Bryn Terfel has played the world’s greatest opera houses, but is heading home for four summer music specials. Marion McMullen finds out why the operatic powerhouse has plenty to sing about.
Hollywood stars keep snapping up all the good singing roles in the movies, but Bryn Terfel is not bitter.
“I suppose I missed my chance in Sweeney Todd with Johnny Depp and Javert in Les Miserables was that Australian guy, Russell Crowe, but there is always Camelot,” points out the Welsh opera star pragmatically. “Mind you, I’d be filling big shoes. Richard Burton played King Arthur on Broadway.”
Tinseltown’s loss is the opera world’s gain, for Bryn is in demand all over the world and his engagement diary is planned up to five years ahead.
The bass-baritone is one of the most sought after international voices and has performed at the Royal Opera House, Covent Garden, Royal Albert Hall, Carnegie Hall, New York’s Metropolitan Opera, La Scala in Milan and Sydney Opera House.
Two years ago he appeared with Andrea Bocelli at a gala concert in Central Park, New York, in front of more than 70,000 people and he has sung the title role of Sweeney Todd.
He’s already played in Australia and New Zealand this year and will shortly be adding to his air miles with dates planned for all over the world.
“You’ve got to make hay while the sun shines,” he says of his packed schedule. “I got a call from the Mariinsky in Russia asking ‘can you come over next week to open the new theatre and can you do a concert version of Tosca?’”
“I’m always travelling, but I’m not complaining. It’s not going to last forever. I’ve found the best way to beat jet-lag is to sleep longer in your own bed before you fly and then read or watch movies.
“I’ve been to New Zealand, Australia recently and sung with the Mormon Tabarnacle Choir in Salt Lake City in America. That’s a lot of travelling, but I say enjoy it while it lasts.”
The father of three is reported to be living apart from his wife and childhood sweetheart Lesley, but professionally his career is going from strength to strength.
He has won acclaim for his portrayals of Figaro, Falstaff and Wotan. He’s picked up a Grammy, Classical Brit and Gramophone Award along the way – as well as a CBE and the Queen’s Medal for Music – and has recorded Mozart, Wagner and Strauss operas, American musical theatre and Welsh songs, as well as sacred music.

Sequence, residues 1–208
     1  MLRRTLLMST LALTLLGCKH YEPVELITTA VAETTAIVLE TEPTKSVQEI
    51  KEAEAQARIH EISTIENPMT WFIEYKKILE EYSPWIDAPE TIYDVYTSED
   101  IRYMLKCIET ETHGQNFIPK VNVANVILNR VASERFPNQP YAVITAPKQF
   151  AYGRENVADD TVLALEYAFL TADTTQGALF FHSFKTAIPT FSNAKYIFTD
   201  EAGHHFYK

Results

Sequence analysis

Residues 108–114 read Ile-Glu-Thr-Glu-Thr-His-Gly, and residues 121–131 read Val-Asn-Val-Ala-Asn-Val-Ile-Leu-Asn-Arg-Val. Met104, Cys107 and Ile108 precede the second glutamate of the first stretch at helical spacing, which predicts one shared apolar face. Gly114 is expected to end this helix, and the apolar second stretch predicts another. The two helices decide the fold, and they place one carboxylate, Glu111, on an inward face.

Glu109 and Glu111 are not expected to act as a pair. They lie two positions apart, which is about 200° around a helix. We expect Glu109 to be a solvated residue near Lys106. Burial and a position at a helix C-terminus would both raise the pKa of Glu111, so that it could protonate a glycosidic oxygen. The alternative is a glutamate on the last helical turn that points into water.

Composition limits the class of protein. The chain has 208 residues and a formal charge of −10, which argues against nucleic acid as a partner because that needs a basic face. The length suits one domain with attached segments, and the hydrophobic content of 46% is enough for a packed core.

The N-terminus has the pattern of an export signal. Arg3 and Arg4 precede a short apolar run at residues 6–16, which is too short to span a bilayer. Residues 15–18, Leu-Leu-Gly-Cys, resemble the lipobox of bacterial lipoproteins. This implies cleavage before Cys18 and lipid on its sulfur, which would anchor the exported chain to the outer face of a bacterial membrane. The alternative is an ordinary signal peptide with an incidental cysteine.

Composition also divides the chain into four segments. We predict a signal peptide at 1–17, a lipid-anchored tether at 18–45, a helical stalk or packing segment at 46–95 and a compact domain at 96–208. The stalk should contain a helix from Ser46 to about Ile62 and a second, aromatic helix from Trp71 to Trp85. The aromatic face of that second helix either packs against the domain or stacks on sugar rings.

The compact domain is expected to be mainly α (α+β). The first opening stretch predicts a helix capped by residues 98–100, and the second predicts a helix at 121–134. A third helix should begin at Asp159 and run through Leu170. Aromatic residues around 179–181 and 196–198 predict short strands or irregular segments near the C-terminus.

“My warbling has been confined to Verdi and Wagner this year,” says the 48-year-old – it is the 200th anniversary of the birth of the two composers.
“There are concerts, recitals and performances and then there are gaps and it’s a bit like filling teeth arranging other things around the gaps.”
The farmer’s son, born in Pant Glas, Caernarfonshire, will be heading back to the UK this summer to play four exclusive dates. Kicking off at Birmingham Symphony Hall on June 7, he then heads to Cardiff, London and Manchester.
“I’m journeying back to things I have done in the last 25 years,” he says happily. “I’m performing favourite arias like Bizet’s Les Toréadors from Carmen, Verdi’s Ehi! paggio! from Falstaff and Ella giammai m’amo from Don Carlos and there’s a sojourn of Fiddler On The Roof.”
Bryn is also championing fellow Welsh talent and is being joined for the dates by soprano Gwawr Edwards and mezzo-soprano Caryl Hughes.
He’s also known for his versatility as a concert performer, with highlights ranging from the opening ceremony of the Wales Millennium Centre, BBC Last Night of the Proms and for nine years hosted his own festival in Faenol, North Wales.
The opera superstar is also Royal Liverpool Philharmonic Orchestra’s “artist in residence” and will be taking part in a series of concerts in September.
“I started out singing in a male voice choir. They put on concerts in Wales and wanted a soloist,” he remembers. “I was singing Welsh songs, lullabies and songs like Some Enchanted Evening and Oh, What A Beautiful Morning. Without that I don’t think I would have been so confident on the stage when I started. It all began from there.”
* Bryn Terfel plays Symphony Hall, Birmingham, on June 7. For tickets tel: 0121 780 4949.